"Satan" shares from his blog in Distinguished Scholar Award Lecture
Sometimes silly and sometimes serious, but always as "Satan,” Elon University professor Jeffrey C. Pugh read excerpts from his new book Thursday as part of the 2010-11 Distinguished Scholar Award Lecture before taking questions about the way evil is described in Devil’s Ink: Blog from the Basement Office.
Pugh’s presentation in the LaRose Digital Theatre took place two weeks after Fortress Press published his fifth book. Devil’s Ink is a series of blog posts written in Satan’s voice to show how humans have constructed institutions and systems – whether political, economic or religious – in such a way that evil has been able to take root without much notice.
“Most of our culture thinks of evil as something people do,” Pugh said. “We often don’t think of it as something implanted in the orders of existence.”
Pugh selected excerpts that dealt with the power of memory to “construct future justifications for slaughter to hide present guilt;” the dark side of modernity, with the danger posed by rationality, technology and efficiency; and the way religion can blind people to their own hateful actions.
He also read a selection from the book in which Satan rejoices at the splitting of the atom and the nuclear bomb humans devised with such a discovery. As Satan, Pugh argued that Hell couldn’t believe its fortune when humans celebrated the same development.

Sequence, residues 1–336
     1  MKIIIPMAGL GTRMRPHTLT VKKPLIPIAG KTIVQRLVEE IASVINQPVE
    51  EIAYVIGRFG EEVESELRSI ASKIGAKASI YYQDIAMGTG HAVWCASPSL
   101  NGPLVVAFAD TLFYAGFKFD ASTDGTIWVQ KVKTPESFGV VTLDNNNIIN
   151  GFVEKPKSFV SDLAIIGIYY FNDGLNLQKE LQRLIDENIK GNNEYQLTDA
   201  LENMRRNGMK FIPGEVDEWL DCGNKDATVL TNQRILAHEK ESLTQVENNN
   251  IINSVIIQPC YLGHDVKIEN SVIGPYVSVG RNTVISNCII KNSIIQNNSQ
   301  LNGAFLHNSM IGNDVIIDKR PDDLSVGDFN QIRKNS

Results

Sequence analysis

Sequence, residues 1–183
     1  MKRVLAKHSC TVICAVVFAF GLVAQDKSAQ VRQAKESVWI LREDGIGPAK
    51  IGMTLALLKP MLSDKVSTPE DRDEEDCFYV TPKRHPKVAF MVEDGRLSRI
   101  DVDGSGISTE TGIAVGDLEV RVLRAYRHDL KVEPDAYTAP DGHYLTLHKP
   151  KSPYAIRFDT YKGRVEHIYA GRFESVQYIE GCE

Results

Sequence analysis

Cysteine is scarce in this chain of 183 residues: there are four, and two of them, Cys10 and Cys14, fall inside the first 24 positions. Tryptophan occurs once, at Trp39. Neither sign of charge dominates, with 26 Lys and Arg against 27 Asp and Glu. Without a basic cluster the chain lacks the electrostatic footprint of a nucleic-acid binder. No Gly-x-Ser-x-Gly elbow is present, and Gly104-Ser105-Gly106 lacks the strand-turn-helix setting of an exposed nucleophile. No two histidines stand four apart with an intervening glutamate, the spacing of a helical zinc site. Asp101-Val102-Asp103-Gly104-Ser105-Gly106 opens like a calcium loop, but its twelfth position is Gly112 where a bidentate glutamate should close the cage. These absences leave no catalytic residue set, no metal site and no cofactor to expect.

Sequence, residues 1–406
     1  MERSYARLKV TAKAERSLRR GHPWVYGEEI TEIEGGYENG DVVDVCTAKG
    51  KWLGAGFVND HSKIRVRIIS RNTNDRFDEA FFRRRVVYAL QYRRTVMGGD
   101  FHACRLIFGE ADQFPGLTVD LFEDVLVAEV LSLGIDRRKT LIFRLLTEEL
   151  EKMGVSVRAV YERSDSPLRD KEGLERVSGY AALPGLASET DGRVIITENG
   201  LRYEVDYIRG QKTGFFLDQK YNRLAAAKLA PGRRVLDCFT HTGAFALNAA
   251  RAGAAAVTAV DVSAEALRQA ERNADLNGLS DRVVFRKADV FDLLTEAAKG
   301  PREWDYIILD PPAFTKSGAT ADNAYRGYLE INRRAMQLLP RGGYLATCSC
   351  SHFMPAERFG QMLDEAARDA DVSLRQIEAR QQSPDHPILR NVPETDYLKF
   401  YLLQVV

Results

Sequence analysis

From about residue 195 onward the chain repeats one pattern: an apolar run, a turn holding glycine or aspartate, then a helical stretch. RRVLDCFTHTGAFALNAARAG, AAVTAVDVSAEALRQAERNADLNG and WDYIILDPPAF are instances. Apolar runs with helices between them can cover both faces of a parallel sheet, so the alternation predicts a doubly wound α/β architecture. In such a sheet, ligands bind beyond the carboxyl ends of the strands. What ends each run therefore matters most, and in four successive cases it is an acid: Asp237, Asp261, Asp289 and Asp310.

Even more surprising to Satan was the moral justification humans used for dropping the bomb. Pugh points out that Satan doesn’t care about the "why" – he simply rejoiced in the fact that it happened.
“Evil is elusive. It’s hard to define,” he said in his opening remarks. “And the human landscape is filled with attempts to come to grips with our history of violence and our slaughter of one another.”
Pugh is the 11th recipient of the Distinguished Scholar Award, established in 2000 to recognize a faculty member whose research has earned peer commendation and respect and who has made significant contribution to his or her field of study.
He joined Elon’s faculty in 1986 after earning his master of divinity degree from Wesley Theological Seminary in Washington, D.C., and another master’s and doctorate from Drew University Graduate School in Madison, N.J. His graduate research focused on systematic and historical theology, and he continued that work after arriving at Elon.
His ambitious research has produced four books that seek approaches to religious and Christian studies that have both historical and contemporary relevance.
Those books are: Religionless Christianity: Dietrich Bonhoeffer in Troubled Times in 2009; Entertaining the Triune Mystery: God, Science and the Space Between in 2003; The Matrix of Faith: Reclaiming a Christian Vision in 2001; and The Anselmic Shift: Christology and Method in Karl Barth’s Theology in 1990.
At Elon, Pugh has served two terms as chair of the Department of Religious Studies. In 2000, he won the university’s Daniels-Danieley Award for Excellence in Teaching and, in 2006, he was named a Maude Sharpe Powell Professor of Religious Studies. He has made numerous presentations at professional meetings and conferences and written articles, book chapters and book reviews for various publications.
Thomas Tiemann, a professor of economics, lauded Pugh’s work in a formal introduction. “Jeff was always one of Elon’s great classroom teachers,” he said. “But he has shown he can also be one of Elon’s most productive scholars.”